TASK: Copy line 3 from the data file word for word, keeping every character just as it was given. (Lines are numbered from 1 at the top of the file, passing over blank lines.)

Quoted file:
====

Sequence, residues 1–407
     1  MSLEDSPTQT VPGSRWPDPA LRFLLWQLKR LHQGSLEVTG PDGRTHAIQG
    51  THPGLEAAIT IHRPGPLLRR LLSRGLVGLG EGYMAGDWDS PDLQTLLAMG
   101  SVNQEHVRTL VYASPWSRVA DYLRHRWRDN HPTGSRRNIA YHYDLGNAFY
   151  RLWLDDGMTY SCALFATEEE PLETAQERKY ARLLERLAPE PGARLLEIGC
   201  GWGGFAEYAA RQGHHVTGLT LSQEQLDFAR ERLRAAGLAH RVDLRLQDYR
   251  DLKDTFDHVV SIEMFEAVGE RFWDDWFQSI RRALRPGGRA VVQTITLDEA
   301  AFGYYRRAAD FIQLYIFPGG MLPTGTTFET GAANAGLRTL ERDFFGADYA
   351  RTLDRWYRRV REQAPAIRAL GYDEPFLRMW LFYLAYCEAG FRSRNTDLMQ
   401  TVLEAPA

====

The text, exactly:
    51  THPGLEAAIT IHRPGPLLRR LLSRGLVGLG EGYMAGDWDS PDLQTLLAMG